Abstract Those seeking to influence campaign finance policy often invoke public opinion to support their legal and policy arguments. Thus, an understanding of the factors that explain citizens' views



The Daily Show Effect

We test the effects of a popular televised source of political humor for young Americans: The Daily Show With Jon Stewart. We find that participants exposed to jokes about George W. Bush and John

Breaking Boundaries| When Parody and Reality Collide: Examining the Effects of Colbert’s Super PAC Satire on Issue Knowledge and Policy Engagement across Media Formats

Following the 2010 U.S. Supreme Court landmark decision on campaign finance (i.e., Citizens United v. Federal Election Commission), political comedian Stephen Colbert took to the airways with a new

Mr. Stewart and Mr. Colbert Go to Washington: Television Satirists Outside the Box

The political satirists Jon Stewart and Stephen Colbert are largely celebrated for their nightly television programs, which use humor to offer useful political information, provide important forums

Political Comedy Shows and Knowledge About Primary Campaigns: The Moderating Effects of Age and Education

Humorous coverage of political objects (e.g., political figures, issues, and events) is one of the central themes of political comedy shows (e.g., Saturday Night Live and The Daily Show with Jon

A Typology for the Study of Entertainment Television and Politics

General questions concerning the role of entertainment media in politics permeated the 2004 election cycle. Political communication scholars are beginning to systematically analyze potential

Learning about Politics From The Daily Show: The Role of Viewer Orientation and Processing Motivations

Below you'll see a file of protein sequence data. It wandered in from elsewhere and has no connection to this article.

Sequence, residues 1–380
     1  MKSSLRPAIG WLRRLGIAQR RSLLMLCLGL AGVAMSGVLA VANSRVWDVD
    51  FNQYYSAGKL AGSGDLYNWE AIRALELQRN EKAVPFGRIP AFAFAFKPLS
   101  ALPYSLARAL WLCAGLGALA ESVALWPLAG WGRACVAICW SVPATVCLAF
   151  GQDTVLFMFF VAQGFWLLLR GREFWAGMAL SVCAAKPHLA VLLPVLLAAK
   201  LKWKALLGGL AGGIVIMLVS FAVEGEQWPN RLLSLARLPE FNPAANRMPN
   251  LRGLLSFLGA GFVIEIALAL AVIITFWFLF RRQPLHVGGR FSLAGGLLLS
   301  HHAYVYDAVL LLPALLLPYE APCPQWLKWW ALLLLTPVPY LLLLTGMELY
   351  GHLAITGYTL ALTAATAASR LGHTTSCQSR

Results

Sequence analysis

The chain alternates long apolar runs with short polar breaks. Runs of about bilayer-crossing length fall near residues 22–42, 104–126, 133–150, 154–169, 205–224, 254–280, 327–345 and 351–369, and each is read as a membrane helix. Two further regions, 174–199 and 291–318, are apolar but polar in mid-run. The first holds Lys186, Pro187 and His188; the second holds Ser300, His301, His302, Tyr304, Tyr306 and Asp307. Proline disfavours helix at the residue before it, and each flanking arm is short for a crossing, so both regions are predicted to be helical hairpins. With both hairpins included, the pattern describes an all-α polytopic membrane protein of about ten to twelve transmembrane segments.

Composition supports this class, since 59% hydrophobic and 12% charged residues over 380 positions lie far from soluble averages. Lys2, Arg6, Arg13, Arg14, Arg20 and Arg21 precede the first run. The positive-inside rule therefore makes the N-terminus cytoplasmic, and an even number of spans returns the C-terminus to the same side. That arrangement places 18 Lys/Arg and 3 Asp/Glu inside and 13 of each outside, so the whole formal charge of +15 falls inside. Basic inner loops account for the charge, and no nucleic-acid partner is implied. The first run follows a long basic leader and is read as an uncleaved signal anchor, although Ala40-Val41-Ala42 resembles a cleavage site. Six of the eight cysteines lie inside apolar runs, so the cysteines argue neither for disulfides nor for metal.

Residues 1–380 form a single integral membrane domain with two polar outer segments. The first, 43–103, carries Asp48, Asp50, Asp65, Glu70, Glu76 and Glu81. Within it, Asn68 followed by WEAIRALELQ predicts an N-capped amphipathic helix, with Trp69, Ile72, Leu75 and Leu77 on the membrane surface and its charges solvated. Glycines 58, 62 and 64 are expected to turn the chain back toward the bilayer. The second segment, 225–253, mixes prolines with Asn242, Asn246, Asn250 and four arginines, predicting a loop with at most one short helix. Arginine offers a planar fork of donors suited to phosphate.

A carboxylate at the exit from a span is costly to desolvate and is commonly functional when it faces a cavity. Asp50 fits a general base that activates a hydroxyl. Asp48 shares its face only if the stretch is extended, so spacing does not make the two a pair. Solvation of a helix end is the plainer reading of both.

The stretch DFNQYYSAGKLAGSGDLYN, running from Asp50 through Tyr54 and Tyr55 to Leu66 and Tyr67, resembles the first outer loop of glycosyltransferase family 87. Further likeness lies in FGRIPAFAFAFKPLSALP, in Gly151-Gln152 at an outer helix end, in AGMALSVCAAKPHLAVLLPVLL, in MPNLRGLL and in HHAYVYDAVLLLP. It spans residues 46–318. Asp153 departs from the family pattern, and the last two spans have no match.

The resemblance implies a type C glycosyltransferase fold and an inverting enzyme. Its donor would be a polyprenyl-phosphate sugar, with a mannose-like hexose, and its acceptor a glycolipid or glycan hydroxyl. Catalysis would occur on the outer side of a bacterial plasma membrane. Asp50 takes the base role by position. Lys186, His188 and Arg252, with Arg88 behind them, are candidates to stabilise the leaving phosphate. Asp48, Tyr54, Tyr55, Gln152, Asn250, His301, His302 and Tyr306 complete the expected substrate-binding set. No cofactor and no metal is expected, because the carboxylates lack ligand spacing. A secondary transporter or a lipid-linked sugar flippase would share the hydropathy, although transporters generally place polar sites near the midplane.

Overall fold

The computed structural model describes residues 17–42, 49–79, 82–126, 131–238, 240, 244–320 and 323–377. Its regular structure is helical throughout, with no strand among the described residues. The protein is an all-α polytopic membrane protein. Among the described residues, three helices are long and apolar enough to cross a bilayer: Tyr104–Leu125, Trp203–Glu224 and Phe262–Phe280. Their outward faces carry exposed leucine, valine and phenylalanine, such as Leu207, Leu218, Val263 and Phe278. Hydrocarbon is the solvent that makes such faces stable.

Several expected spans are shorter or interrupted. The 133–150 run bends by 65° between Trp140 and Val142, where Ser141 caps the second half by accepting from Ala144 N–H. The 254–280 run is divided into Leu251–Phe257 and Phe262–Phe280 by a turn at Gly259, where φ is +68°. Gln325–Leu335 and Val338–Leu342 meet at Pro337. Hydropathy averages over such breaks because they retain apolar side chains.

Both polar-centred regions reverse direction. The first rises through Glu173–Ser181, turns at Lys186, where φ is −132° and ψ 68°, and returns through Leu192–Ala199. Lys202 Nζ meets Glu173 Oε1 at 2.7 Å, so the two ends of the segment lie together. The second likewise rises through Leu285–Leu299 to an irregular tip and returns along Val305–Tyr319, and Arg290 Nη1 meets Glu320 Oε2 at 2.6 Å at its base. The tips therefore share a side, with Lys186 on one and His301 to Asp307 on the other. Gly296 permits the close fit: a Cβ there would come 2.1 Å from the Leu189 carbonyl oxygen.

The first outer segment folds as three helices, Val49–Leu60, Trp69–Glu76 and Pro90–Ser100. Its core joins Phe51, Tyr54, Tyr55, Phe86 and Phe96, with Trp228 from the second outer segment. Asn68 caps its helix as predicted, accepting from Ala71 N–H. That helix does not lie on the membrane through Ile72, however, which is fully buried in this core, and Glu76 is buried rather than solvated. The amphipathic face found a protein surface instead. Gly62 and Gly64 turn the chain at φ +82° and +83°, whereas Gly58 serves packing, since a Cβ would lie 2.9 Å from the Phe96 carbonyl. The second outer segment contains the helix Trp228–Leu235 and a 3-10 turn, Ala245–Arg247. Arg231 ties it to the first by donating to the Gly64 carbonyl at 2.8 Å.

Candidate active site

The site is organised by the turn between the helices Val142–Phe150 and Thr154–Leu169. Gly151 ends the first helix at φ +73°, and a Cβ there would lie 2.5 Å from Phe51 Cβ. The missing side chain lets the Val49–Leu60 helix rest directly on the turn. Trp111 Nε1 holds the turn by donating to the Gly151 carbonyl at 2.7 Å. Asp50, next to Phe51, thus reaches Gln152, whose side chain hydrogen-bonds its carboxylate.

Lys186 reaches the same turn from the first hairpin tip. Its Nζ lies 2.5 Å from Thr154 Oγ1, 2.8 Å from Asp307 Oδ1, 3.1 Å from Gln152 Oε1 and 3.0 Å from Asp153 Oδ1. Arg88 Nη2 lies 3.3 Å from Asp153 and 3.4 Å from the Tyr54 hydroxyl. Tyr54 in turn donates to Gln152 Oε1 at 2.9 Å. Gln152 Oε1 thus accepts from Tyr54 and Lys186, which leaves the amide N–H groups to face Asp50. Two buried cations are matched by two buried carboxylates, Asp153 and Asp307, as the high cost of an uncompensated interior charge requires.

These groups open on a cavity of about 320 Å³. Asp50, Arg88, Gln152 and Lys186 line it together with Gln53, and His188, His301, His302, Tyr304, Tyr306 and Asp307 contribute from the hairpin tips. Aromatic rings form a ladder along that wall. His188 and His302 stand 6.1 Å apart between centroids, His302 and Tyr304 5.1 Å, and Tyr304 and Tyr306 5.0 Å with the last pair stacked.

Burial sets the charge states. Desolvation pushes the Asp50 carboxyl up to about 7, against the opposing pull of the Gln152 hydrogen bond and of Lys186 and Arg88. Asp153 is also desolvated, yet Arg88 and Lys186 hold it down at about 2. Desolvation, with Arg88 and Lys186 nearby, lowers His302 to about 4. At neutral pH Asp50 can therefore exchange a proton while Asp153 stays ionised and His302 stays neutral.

Although late-night comedy and satirical news programs like The Daily Show have been recognized as important sources of political information, prior research suggests that viewers gain only a limited

Sex, Lies, and War: How Soft News Brings Foreign Policy to the Inattentive Public

  • M. Baum
  • Political Science
    American Political Science Review
  • 2002
This study argues that, due to selective political coverage by the entertainment-oriented, soft news media, many otherwise politically inattentive individuals are exposed to information about

Adding Nuance to the Study of Political Humor Effects: Experimental Research on Juvenalian Satire Versus Horatian Satire

This study extends political humor effects research by focusing on two distinct types of satire, juvenalian and horatian. Theoretical arguments grounded in the elaboration likelihood model culminated

The Absence of Narrative: Boredom and the Residual Power of Television News

AbstractThe article begins by arguing—against conventional wisdom—that one of the defining features of television news is the absence of narrative codes in its structure. Rather than raising the

Late-Night Learning: Do Entertainment Programs Increase Political Campaign Knowledge for Young Viewers?

The fragmenting media landscape has led many, particularly younger citizens, to identify entertainment-based programs as key sources of political information. This research used national survey data